After another couple miles, we reached our next crucial water source – a large tank periodically filled by a fire truck. We filled up and spent a couple hours breaking in the shade. While we sought refuge in the patchy shade provided by the chapparal, suddenly a loud hum interrupted conversations and naps. As I looked up into the sky, about 10 feet away a swarm of what must have been hundreds of bees had appeared. Happily they quickly moved on without incident. A fellow hiker who keeps bees explained that they will travel in a swarm like that when looking for a new home, and aren’t dangerous unless interfered with. In spite of the bees, it was difficult to set out again at 2 PM, but we wanted to put in enough miles to make the next day an easy one to Scissors Crossing where we would catch a ride to Julian, a nearby mountain town. Let me tell you now, it was only the thought of getting nearer to Julian and eating apple pie (the town’s claim to fame) that got me back out into the heat of the day to put in another 5 miles of hiking. Some of you are probably thinking, “why are they doing this? It seems terrible!” Well, that’s fair. However, it amazes me that even when I am burning and overheating and sweating and itching and generally failing to cope, I look up at my desert surroundings and they are stunningly beautiful. The desert is not a barren expanse of sand and rock; rather, it is full of life and painted in shades of green and gold, with blooms of purple, orange, and pink from the recent rainfalls. And that evening, our tent pitched between boulders on the hillside and a warm breeze blowing as the sun set, I looked over the Anza Borrego desert and thought to myself how happy I was to be there. It’s amazing how quickly the mind forgets what the body has endured. Now, as I lie in the tent with the doors thrown open to let the breeze through, I watch the stars twinkle on one at a time and look forward to a sunrise hike tomorrow to beat the heat to Scissors Crossing.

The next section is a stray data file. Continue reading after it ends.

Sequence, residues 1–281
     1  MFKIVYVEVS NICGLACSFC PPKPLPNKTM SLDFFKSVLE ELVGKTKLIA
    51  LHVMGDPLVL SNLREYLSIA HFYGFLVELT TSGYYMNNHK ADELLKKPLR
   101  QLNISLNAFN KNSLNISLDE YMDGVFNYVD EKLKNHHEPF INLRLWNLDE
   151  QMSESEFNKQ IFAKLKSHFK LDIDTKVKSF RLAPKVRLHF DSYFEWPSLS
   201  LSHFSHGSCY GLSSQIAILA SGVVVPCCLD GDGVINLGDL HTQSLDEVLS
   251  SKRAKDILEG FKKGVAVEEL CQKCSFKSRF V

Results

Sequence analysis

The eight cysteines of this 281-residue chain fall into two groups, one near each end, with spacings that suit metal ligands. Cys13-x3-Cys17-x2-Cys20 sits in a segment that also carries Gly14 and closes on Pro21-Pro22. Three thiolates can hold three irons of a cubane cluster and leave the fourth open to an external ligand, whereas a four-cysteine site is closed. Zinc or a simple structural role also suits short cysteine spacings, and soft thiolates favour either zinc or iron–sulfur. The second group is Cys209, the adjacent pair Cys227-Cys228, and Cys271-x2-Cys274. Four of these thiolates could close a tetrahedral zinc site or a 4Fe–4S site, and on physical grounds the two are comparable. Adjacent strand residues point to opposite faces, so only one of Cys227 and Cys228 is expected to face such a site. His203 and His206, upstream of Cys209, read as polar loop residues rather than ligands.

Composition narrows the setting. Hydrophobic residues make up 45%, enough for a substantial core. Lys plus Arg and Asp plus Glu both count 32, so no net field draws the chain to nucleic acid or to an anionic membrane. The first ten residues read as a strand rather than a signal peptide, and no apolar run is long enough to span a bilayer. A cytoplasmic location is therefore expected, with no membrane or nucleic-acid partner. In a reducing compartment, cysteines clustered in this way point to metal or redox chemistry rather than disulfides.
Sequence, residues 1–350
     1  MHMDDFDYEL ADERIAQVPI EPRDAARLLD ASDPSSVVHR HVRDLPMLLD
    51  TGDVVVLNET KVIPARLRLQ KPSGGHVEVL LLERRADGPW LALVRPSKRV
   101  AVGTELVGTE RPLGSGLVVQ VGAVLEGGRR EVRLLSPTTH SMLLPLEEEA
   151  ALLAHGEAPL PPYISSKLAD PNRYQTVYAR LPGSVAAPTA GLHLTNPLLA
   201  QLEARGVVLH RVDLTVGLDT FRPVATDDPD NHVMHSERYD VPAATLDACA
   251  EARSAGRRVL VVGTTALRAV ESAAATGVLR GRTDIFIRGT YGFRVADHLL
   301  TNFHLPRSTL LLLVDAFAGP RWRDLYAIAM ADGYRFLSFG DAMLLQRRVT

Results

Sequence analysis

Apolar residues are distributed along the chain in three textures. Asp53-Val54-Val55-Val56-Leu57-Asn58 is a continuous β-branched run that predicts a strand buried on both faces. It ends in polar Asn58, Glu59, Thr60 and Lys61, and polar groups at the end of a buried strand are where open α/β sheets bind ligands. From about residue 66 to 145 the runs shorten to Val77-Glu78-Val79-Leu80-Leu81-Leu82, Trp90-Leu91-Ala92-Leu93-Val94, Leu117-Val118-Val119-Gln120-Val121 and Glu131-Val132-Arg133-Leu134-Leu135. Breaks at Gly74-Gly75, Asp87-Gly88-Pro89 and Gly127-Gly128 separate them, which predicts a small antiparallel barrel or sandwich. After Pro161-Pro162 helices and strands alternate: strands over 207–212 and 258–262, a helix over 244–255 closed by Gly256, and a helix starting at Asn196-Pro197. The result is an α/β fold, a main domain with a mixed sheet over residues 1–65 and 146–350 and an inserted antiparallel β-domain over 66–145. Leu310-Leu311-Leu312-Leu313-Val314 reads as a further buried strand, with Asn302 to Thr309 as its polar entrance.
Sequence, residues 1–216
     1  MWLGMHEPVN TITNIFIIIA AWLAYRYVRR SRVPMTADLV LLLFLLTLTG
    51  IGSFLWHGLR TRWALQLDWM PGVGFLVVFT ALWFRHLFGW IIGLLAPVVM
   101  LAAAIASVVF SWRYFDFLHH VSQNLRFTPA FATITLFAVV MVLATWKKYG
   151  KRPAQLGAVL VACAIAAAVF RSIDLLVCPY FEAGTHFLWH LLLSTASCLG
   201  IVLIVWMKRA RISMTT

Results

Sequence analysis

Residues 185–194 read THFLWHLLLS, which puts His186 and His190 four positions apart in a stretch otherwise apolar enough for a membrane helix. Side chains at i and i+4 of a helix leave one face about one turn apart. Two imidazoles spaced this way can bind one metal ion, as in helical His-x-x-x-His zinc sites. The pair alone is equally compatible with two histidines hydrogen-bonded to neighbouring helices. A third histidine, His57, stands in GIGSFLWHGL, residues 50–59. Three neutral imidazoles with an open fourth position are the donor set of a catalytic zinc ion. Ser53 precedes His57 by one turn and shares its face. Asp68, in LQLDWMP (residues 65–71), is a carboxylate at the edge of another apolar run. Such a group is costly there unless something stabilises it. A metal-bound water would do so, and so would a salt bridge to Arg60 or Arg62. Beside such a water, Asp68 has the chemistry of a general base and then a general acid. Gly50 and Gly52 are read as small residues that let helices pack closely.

Panorama of our shady campsite

PCT 2.0: The Re-Boot

At the Southern Terminus, Photo credit: Rolling Thunder

Once again, Everett and I have decided to take a walk. A 2650-mile walk on the Pacific Crest Trail from the Mexican border near Campo, California to Manning Park, BC. As many of you know, our attempt last year was foiled by bones falling out of feet and a nasty case of Salmonella that landed me in the excellent care of the doctors and nurses at Huntington Memorial Hospital. So, having more sense of adventure than just plain sense, we thought “let’s do that again!”.
For the second time, we found ourselves enjoying the hospitality of Scout and Frodo, trail angels in San Diego who open their home to thousands of PCT hikers every year. With most of our preparation done, we had a chance to relax and chat with other hikers and trail angels, Peppa and Rolling Thunder. Rolling Thunder completed the PCT in 2006, another high snow year, and had some valuable insight into the conditions we’ll be facing this year. 
Before we knew it, April 17th had arrived. We were on the road by 6 AM sharp, and by a little after 7 AM, we were standing at the southern terminus of the PCT. We had our photo taken with the monument, signed the register and then turned northward. 
We’ll be updating our blog periodically to keep you all posted on our progress! Wish us luck! 

Still so fresh and so clean at Mile 1

Sunrise start from Mount Laguna

Enjoying the ridge walk before dropping down into the desert

An Unexpected Ending